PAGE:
Report Says CIA's Hacking Unit — Home To The Vault 7 Exploits — Deployed Almost No Internal Security Measures
from the no-one-would-dare-cross-the-CIA...-would-they? dept
More details about the leak of CIA hacking tools are coming to light. And they’re not making the CIA look any more deserving of its “Intelligence” middle name.
The “Vault 7” leak detailed the CIA’s exploits — ones targeting cellphones and a variety of smart devices. Encryption still works, though, but devices have to remain uncompromised by exploits. Since they aren’t, encryption won’t stop agencies like the CIA from intercepting communications or inserting themselves into private conversations.
The prosecution of the accused Vault 7 leaker has been a nightmare of its own, with the government having difficulty pressing its case even as it uncovers evidence the leaker continued to leak sensitive information after being incarcerated.
The latest report, by Ellen Nakishima and Shane Harris of the Washington Post, shows the CIA was far more interested in developing tech weapons than ensuring its hoard of exploits remained in its possession.
The theft of top-secret computer hacking tools from the CIA in 2016 was the result of a workplace culture in which the agency’s elite computer hackers “prioritized building cyber weapons at the expense of securing their own systems,” according to an internal report prepared for then-director Mike Pompeo as well as his deputy, Gina Haspel, now the current director.
The October 2017 report by the CIA’s WikiLeaks Task Force, several pages of which were missing or redacted, portrays an agency more concerned with bulking up its cyber arsenal than keeping those tools secure. Security procedures were “woefully lax” within the special unit that designed and built the tools, the report said.
Information wants to be leaked, apparently. Maybe not innately, but when the culture says the best defense is a good offense, chances are sensitive tools and tech are going to go wandering off.
The CIA knows how exploitable pretty much everything is. That it deployed nearly no security measures to ensure its exploit stash remained on the premises is an indictment of every bureaucracy that thinks merely being a big government agency will deter people — both on the inside and outside — from screwing with it. According to this report, the CIA didn’t even employ bush-league, mom-and-pop-store-level security measures. There was no compartmentalization of tech exploits, no prevention of sharing of administration-level passwords, and no controls placed on use of removable media. There was also no monitoring of this network, which has prevented the CIA from determining the size of the breach or enumerating what was actually taken.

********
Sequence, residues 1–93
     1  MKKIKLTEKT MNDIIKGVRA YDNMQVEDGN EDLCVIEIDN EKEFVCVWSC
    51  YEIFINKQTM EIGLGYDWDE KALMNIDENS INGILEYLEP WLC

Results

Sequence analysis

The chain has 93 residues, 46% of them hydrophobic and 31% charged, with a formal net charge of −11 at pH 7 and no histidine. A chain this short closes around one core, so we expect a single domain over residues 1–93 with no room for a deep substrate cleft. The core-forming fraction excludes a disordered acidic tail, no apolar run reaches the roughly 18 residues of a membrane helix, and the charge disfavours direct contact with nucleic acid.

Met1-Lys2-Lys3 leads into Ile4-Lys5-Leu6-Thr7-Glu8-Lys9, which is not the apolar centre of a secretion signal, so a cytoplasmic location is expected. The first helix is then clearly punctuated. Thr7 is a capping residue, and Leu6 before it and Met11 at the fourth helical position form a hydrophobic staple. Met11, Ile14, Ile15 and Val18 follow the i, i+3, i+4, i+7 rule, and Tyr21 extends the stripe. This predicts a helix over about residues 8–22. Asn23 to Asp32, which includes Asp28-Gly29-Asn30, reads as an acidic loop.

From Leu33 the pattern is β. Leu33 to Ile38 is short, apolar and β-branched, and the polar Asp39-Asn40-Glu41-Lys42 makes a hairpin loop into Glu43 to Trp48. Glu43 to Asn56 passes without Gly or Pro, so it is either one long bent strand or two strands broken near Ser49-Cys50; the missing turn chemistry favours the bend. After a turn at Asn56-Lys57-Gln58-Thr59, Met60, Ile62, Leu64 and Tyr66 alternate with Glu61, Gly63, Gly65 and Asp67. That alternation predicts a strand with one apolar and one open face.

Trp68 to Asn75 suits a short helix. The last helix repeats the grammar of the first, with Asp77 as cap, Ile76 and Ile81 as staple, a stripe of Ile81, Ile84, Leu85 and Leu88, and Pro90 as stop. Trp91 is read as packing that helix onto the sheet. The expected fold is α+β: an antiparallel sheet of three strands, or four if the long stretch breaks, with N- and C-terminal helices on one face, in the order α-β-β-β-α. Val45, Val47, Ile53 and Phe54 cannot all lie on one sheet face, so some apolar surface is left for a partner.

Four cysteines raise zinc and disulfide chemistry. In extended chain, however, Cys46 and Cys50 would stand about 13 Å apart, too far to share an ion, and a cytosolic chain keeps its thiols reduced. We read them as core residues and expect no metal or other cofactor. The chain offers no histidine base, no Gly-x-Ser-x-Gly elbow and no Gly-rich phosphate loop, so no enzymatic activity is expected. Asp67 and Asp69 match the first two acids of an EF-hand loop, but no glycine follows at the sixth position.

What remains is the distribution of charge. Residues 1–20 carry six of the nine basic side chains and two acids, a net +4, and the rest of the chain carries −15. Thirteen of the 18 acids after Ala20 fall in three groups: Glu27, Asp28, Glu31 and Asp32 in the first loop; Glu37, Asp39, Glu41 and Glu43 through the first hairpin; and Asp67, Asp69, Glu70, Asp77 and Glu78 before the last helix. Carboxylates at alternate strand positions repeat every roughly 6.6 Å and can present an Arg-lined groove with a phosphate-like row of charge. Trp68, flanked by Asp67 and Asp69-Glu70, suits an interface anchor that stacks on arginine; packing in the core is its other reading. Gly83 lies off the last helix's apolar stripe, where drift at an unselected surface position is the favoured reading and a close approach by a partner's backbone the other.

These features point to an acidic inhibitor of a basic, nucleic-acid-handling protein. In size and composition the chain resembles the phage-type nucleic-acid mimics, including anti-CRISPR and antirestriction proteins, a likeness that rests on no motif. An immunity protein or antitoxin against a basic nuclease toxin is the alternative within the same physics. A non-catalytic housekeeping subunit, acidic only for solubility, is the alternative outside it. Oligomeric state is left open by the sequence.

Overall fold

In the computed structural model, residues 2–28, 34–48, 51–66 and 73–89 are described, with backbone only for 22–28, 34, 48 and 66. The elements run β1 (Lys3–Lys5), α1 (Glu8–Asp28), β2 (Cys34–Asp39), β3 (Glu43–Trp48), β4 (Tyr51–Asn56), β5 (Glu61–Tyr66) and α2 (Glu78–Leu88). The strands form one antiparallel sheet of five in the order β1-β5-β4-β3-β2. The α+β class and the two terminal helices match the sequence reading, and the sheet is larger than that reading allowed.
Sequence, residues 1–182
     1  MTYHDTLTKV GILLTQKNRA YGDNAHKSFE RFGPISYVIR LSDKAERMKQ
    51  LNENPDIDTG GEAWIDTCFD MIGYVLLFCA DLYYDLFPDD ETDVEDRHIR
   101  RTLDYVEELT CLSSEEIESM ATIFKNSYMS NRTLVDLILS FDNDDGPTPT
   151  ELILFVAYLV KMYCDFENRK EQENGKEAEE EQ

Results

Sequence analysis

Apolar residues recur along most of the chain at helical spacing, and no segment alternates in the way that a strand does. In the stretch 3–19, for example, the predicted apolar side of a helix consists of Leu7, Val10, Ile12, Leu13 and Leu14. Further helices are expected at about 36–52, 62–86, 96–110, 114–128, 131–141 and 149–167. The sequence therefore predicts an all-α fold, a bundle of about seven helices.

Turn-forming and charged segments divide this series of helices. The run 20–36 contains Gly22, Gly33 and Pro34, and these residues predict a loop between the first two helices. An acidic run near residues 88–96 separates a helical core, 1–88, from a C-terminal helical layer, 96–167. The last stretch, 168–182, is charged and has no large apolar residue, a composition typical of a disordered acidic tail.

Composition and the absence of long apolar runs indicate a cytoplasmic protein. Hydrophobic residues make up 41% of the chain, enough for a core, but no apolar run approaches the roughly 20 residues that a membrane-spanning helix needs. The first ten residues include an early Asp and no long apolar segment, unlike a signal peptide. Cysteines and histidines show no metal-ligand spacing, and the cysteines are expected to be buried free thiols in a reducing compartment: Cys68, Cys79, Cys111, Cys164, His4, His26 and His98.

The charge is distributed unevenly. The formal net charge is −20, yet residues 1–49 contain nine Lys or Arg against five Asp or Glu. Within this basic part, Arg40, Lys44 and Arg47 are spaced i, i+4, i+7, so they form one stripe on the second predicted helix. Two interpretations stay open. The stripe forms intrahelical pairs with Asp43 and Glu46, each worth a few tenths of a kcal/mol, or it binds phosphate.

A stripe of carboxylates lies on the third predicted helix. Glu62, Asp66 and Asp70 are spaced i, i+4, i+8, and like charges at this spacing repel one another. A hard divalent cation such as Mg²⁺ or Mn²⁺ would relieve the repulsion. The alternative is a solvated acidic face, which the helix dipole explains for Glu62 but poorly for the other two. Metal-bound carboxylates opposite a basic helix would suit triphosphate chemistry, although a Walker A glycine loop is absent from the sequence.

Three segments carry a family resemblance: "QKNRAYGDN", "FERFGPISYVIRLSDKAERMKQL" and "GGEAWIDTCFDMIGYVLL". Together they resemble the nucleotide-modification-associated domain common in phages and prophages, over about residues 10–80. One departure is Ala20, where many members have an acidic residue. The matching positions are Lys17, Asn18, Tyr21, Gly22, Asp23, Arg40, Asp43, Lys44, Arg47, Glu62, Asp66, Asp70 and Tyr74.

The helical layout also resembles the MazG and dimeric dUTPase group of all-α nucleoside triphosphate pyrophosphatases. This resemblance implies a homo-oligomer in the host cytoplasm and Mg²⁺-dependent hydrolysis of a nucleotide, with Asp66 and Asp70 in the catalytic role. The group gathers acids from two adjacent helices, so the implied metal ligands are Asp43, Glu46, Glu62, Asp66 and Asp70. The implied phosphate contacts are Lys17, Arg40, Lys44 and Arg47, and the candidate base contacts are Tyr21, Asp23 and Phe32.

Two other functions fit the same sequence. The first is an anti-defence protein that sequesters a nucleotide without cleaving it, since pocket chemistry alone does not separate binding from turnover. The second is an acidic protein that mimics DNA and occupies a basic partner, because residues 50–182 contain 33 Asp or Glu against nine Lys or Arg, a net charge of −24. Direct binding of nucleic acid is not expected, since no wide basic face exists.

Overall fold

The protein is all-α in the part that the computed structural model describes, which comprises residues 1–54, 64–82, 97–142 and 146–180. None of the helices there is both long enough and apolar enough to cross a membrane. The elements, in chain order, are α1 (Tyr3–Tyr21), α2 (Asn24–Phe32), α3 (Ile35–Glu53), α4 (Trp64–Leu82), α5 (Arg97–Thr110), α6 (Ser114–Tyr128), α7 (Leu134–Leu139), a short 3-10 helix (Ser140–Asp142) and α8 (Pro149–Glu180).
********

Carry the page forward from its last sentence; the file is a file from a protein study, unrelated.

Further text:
This crucial job was outsourced, which apparently contributed to the problem. The job was too important to be left undone. But the CIA apparently didn’t feel it was important enough to handle itself so it gave it to someone else, resulting in this:
The computer network was maintained by contractors, the former official added. “There was a misunderstanding between the people who ran the unit and people who ran and maintained the network.”
Give an agency more money than oversight and it can perform any task poorly. Exploits are truly useful but they’re only useful if they remain undisclosed and unpatched. Treating security cavalierly has paid off about as well as anyone outside the agency would have imagined. The tools were leaked. Only after that did anyone decide to check the latches on the Vault’s doors. Proactive is better than reactive, as any intel operative should know. While this may be a great way to inadvertently comply with the Vulnerability Equities Process, it’s no way to run an intel agency’s tech black ops program.